Jersey Shore Parties Eyed in Infection Spike (3:30 p.m. NY)

New Jersey health officials warned of the novel coronavirus spreading among younger residents, citing a climbing rate of positive tests among those ages 14-24 and a massive gathering this week outside the home where MTV’s “Jersey Shore” was filmed.

Positivity among 14-to-18-year-olds has more than doubled, to 7% from 3% in August, Health Commissioner Judith Persichilli said at a Trenton news conference. The increase was even greater among the 19-to-24 set, to 7.1% from 2.7%. Governor Phil Murphy said the latest figures are roughly three times higher than for the general population statewide.

Ireland Infections Spreading Exponentially (1:45 p.m. NY)

There are indications the coronavirus is spreading exponentially in Ireland, health ministry adviser Philip Nolan told reporters in Dublin, adding he was “more concerned” than any time since April. The country is now seeing about 54 cases per 100,000 of population versus three at the end of June, while hospitalizations are rising. The virus is now concentrated in Dublin, Nolan said. Ireland reported 254 more virus cases Wednesday, with three deaths.

Officials Cite Conflicting Vaccine Timetables (12:46 p.m. NY)

Top U.S. health officials offered conflicting estimates Wednesday of when Americans should expect coronavirus vaccines to be widely available, with one saying in an interview that every American could be able to get a shot by the end of March.

That timetable, offered by Paul Mango, deputy chief of staff for policy at the Department of Health and Human Services, is more ambitious than those of drug company executives, most public health experts and some other top U.S. health officials. It follows comments by President Donald Trump during a televised town hall event hosted by ABC News Tuesday that a vaccine could be approved in three or four weeks.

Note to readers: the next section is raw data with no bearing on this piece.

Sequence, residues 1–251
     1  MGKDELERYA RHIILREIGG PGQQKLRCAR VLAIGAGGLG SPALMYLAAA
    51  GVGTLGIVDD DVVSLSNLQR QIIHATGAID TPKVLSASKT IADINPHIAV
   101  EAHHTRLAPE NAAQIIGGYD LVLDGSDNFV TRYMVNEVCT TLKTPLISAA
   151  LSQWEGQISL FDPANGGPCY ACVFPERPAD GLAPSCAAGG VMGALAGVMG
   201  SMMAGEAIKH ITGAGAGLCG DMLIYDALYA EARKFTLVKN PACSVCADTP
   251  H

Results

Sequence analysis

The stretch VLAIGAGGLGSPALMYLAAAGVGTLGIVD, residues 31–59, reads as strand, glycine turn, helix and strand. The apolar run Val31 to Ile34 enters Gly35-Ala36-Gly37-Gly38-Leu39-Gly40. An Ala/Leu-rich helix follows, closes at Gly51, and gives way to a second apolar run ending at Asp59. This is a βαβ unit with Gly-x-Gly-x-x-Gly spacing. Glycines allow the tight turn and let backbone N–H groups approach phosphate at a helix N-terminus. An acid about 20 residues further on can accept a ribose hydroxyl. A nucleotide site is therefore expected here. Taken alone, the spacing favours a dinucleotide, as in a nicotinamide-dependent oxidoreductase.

Illness Unlikely Linked to Shot, Oxford Says (11:37 a.m. NY)

Symptoms that prompted the University of Oxford and partner AstraZeneca Plc to pause trials evaluating their experimental coronavirus vaccine probably weren’t related to the shot itself, according to documents sent to participants.

U.S. Vaccines to Ship Within 24 Hours of Approval (10:42 a.m. NY)

Preparations are underway to ensure that vaccines against Covid-19 will be shipped to administration sites within 24 hours of clearance by U.S. regulators, health officials said. Federal officials issued guidance to states Wednesday that are designed to speed the path of coronavirus shots to the population, U.S. Centers for Disease Control and Prevention Robert Redfield said in a press conference.

Hundreds of thousands of doses of various candidates, funded by the Trump administration’s Operation Warp Speed program, have already been produced in hope that one or more will prove successful in the clinic. State officials have indicated that they want to make sure that the shots are fully tested and deemed safe and effective before they’re used widely.

Big Ten to Start Football Next Month (10:04 a.m. NY)

The Big Ten college football league said Wednesday it plans to start games the weekend of Oct. 23-24 after postponing the season in August due to virus safety concerns. The league will require student athletes, coaches, trainers and others who are on the field for practices and games to undergo daily antigen testing, according to a statement. Each school will also have a chief infection officer oversee collection and reporting of data.

— With assistance by Matthew Brockett

Source: Read Full Article